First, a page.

Be Prepared - But Hurricane Season Not Due To Be Strong

Members of the National Disaster Consultative Committee.

Members of the National Disaster Consultative Committee.


Tribune Staff Reporter


ALTHOUGH the 2015 Atlantic Hurricane Season is not expected to be as active as past seasons, officials from the National Emergency Management Agency (NEMA) have warned that residents should still “carry out all necessary preparations” as the potential of storms making landfall still exist.

Captain Stephen Russell, director of NEMA, yesterday endorsed predictions made by the National Oceanic and Atmospheric Administration’s (NOAA) 2015 Atlantic Hurricane Season Outlook, which predicts six to 11 named storms this season.

The hurricane season began yesterday and runs until November 30.

The outlook indicated that three to six of those storms could reach hurricane intensity, with at least two becoming major hurricanes, category three or higher.

Mr Russell said residents should “begin the process” of preparing their homes for the possibility that a storm could make landfall. He said persons should use this time as an opportunity to assess their homes, particularly roofs, doors, windows and shutters.

“General preparation, this is the time to address all issues that may exist,” said Capt Russell. “They should start to check their roofs, figure out if there are leaks or any other issues related to the roof. This is the time for persons to check their shutters, window and doors. If you live in a low-lying area, you should know where the nearest shelter is.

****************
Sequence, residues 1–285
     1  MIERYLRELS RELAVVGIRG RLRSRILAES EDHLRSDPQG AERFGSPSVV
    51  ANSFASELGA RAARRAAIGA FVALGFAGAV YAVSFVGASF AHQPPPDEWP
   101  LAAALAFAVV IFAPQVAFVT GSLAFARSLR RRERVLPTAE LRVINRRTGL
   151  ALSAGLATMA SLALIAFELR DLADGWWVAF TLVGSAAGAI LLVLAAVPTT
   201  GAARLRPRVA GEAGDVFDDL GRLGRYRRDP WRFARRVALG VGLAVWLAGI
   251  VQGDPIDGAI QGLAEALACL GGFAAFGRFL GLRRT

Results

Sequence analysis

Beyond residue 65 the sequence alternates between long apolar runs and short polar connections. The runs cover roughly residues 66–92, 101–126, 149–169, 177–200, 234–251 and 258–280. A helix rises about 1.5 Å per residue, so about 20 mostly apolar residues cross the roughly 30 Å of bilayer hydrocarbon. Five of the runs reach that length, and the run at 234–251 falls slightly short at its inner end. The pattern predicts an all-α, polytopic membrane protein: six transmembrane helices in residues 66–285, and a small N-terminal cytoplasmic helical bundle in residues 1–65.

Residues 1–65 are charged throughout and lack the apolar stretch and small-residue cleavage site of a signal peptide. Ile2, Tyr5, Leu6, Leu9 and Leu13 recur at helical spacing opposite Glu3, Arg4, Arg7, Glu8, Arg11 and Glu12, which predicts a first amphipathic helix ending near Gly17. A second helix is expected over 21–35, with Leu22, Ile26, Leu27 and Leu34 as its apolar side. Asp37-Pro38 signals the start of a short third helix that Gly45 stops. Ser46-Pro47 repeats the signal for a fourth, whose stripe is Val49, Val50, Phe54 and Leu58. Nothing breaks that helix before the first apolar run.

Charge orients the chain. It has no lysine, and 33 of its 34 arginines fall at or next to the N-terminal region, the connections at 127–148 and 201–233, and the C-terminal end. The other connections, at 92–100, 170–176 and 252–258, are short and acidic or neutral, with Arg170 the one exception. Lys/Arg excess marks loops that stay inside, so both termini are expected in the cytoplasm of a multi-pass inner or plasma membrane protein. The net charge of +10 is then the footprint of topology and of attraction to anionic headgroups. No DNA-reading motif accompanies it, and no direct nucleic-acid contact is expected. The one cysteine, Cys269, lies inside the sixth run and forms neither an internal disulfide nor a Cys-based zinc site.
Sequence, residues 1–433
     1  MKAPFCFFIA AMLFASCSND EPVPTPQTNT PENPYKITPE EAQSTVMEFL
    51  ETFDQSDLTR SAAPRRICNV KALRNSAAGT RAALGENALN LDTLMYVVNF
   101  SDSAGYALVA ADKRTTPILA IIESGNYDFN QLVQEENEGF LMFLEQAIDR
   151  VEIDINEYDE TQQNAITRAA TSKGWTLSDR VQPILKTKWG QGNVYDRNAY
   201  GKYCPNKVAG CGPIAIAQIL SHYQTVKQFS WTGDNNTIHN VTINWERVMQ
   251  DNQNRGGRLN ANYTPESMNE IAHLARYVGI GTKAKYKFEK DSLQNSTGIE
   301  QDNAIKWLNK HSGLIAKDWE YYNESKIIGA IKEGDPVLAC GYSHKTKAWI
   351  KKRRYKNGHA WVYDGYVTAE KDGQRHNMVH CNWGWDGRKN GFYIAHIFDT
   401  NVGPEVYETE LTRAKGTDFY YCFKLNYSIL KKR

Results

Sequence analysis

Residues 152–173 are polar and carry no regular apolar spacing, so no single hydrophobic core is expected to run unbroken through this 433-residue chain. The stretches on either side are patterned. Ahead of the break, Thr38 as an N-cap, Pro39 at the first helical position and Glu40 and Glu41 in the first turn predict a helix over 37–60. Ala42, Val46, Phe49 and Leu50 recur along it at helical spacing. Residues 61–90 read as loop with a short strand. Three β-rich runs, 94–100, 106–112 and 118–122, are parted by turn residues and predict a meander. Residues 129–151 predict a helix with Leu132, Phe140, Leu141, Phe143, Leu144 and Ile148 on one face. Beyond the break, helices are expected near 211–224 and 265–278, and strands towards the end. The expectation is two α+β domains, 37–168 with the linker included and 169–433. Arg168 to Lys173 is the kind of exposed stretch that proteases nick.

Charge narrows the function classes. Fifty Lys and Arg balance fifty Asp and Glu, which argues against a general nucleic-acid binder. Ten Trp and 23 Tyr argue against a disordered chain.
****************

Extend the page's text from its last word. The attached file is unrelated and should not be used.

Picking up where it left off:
“Basic supplies, now is the time to start stocking up. You should also begin to build a basic hurricane kit,” added Capt Russell.

The National Hurricane Centre released its list of names for potential storms earlier this year. For 2015, the names are Ana, Bill, Claudette, Danny, Erika, Fred, Grace, Henri, Ida, Joaquin, Kate, Larry, Mindy, Nicholas, Odette, Peter, Rose, Sam, Teresa, Victor and Wanda.

Tropical Storm Ana formed nearly a month before the Atlantic Hurricane season began. It was centred about 180 miles south-southeast of Myrtle Beach, South Carolina, resulting in scattered thunderstorms around the area.

The official NOAA 2015 Atlantic Hurricane Season Outlook has suggested a 70 per cent chance of a below normal season, a 20 per cent chance of a near normal season and a 10 per cent chance of an above normal season.

Last year’s Atlantic Hurricane season produced nine tropical storms, eight of which developed into named storms, six hurricanes and two major storms, category three or higher. Of last year’s storms, Arthur, Bertha and Cristobal were the only three to affect The Bahamas, but had minimal impact. 2014 marked the fewest named storms in a season since 1997.

NEMA opened National Disaster Preparedness Month today with a disaster conference in New Providence for the Southern Bahamas, which runs until Thursday. The islands involved are Acklins and Long Cay, Cat Island, Crooked Island, Inagua, Mayaguana, San Salvador and Rum Cay.

On Sunday, NEMA held a church service at the East Street Gospel Chapel. Minister of State in the Ministry of Works and Urban Development, Arnold Forbes, spoke of the need for preparation planning while Rev Bradley King, pastor of the church and a member of the National Disaster Committee delivered the sermon.


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